Online insurance sales: Is it enough?

Insurance companies have long begun to digitise their processes. In recent months, however, it has turned out that not in all sales-related areas insurers have done their homework. Is it enough to provide the customer with the opportunity to buy insurance online? By Katarzyna Boniecka, sales specialist DACH region, Comarch

December 2, 2020 | Comarch Finance

The current epidemiological situation has become a driving force for many customers to change their buying habits. Also in the case of insurance: those who buy policies increasingly want to do it online. According to the Capgemini report, as many as 75 percent of the insurance company’s customers worldwide would change their insurer if the after-sales service of the policy was not available in all channels: on the website, in the mobile application, call centre and through agents and brokers. On the wave of such changes, well-functioning online insurance sales may become the new standard.

Simplicity above all
If the online sales process turns out to be too complicated, there is a risk that the customer will quickly become discouraged and look for an alternative product from the competition.

To prevent this, apart from providing an intuitive and functional interface and digital coverage of each stage of the sales process, especially the electronic signature of documents, it is worth to implement an omnichannel system. Such a system ensures the sale of products in various cooperating channels, ie on a PC, tablet or smartphone. It also allows for more effective and comprehensive use of available information and reaching the customer at the right time, with the right message and through the communication channel most appropriate for a given customer.

Loyalty at a premium
Increased availability of online policies can also mean greater transparency and comparability of offers from different insurers. The customer will make decisions consciously and based on more information than before.

The available IT solutions dedicated to loyalty programs allow companies not only to retain the customers, but also to learn their habits, personalise offers and increase their knowledge. According to Accenture, customers are willing to share their data in exchange for lower prices or personalised services. Loyalty programs can also be utilised to create a positive corporate image. In particular, after the first wave of the pandemic, when some insurers refused to cover the costs associated with the coronavirus, it is worth trying to regain the lost trust in the insurance industry.

Predict the future
More and more often it is pointed out that in the future an important role in the development of the insurance market will be played by personalisation – understood not only as adjusting the offer to the changing needs, but even anticipating them and creating offers in advance.

The solution may be a modular structure of the offer enabling the customer to easily modify it within the sales platform. The important function of such platform shall be an integral option of requesting agent’s support. Such an approach will allow to build relations between customers and agents even within the framework of online sales. Moreover, it is a good idea to implement a Business Intelligence (BI) solution, which on the basis of various data sources (eg CRM and ERP systems, risk management systems or the aforementioned loyalty programs) will support predictive processes concerning changes in trends and customer expectations. The intelligent use of the collected data may be a foundation for creating smarter products and services as well as significantly reducing their time-to-market.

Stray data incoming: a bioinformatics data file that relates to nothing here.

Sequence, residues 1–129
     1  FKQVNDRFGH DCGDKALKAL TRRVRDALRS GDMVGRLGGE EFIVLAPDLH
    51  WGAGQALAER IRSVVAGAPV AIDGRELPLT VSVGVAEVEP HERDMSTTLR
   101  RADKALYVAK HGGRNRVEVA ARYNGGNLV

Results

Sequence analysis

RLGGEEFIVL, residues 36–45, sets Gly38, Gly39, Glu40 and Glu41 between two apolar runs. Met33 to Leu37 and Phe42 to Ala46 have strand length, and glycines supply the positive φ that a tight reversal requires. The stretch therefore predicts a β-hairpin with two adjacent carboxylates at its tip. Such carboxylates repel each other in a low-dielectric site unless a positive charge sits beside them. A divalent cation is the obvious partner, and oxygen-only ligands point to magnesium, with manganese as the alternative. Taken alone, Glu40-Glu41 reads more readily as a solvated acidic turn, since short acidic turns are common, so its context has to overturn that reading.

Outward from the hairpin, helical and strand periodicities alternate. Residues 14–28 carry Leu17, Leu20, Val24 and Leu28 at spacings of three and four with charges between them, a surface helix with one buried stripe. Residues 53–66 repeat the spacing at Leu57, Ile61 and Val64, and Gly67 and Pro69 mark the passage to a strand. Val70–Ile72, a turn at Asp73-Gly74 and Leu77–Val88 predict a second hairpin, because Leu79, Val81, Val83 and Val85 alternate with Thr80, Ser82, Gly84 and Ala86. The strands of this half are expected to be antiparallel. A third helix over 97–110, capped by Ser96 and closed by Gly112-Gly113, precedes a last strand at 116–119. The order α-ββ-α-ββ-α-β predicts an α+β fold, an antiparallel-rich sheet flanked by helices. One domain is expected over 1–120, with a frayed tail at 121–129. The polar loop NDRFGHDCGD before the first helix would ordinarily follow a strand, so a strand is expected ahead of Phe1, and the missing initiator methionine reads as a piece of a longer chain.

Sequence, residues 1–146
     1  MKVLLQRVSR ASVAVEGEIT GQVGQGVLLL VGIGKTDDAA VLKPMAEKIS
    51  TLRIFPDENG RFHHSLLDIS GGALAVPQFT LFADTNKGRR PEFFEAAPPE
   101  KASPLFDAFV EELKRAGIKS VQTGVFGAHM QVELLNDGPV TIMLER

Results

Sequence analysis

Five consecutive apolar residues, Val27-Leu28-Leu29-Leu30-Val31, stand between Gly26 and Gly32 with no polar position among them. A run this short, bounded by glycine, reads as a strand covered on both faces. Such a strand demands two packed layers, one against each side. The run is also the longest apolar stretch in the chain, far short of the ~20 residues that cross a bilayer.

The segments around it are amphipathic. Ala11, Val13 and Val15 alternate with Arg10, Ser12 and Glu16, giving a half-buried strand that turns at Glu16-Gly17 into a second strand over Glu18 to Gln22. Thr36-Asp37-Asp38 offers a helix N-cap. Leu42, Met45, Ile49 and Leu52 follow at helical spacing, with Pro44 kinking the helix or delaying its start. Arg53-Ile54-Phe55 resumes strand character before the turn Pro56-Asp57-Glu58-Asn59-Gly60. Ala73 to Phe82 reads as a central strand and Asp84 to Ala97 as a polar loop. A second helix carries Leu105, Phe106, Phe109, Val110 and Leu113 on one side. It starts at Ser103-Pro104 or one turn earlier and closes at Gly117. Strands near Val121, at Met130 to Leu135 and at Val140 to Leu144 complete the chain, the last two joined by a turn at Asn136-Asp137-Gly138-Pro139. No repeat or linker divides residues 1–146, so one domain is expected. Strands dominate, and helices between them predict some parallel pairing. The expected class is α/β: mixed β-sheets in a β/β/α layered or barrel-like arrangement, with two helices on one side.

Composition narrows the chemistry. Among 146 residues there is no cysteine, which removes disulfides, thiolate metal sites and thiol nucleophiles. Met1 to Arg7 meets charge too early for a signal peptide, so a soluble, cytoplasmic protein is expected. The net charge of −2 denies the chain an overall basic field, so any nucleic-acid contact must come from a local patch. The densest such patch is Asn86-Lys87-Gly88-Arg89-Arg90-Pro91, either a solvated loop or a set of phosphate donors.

The key is the relationship
In times when long-term competitive advantage practically does not exist and creating an innovative and difficult to copy product is a huge challenge, it is not about launching an online insurance sales channel. It is all about creating long-term customer relationships. There are many ways to do this with IT solutions. Data is currently one of the most valuable resources in the world.

Data-driven business models will allow to quickly respond to individual customer needs and market changes. However, it is worth to choose the right IT partner, who has both great know-how in creating and implementing IT systems, as well as experience in the insurance industry, what in combination will help create a flexible operating model, that will be difficult to copy by competitors.

For more information go to Comarch for Insurance



Regulatory reporting: 7 Questions with Philip Flood, Gresham Technologies

Other | Behavior detection & predictive analytics Regulatory reporting: 7 Questions with Philip Flood, Gresham Technologies

Gresham Technologies

Regulatory reporting: 7 Questions with Philip Flood, Gresham Technologies

Philip Flood, Business Development Director, Regulatory and STP Services, recently joined the ‘7 questions with…’ podcast with Gert Raeves of… Continue Reading

View resource
Real-time payments tech put pressure on banks

Best Practice | Behavior detection & predictive analytics Real-time payments tech put pressure on banks


Real-time payments tech put pressure on banks

The transformation to real-time has seen the market modernise, but there is a further need for banks to have the… Continue Reading

View resource
TransferGo Case Study - payments industry

Case Study | Behavior detection & predictive analytics TransferGo Case Study - payments industry


TransferGo Case Study - payments industry

Bank statement and Account Payables reconciliation. Seamless integration with NetSuite. TransferGo outlined two major product requirements. First – full… Continue Reading

View resource

New GFT podcast on AI

In the latest episode of our new podcast series on AI entitled ‘Artificial Intelligence, Intelligently Applied’, our host Simon Thompson… Continue Reading

View resource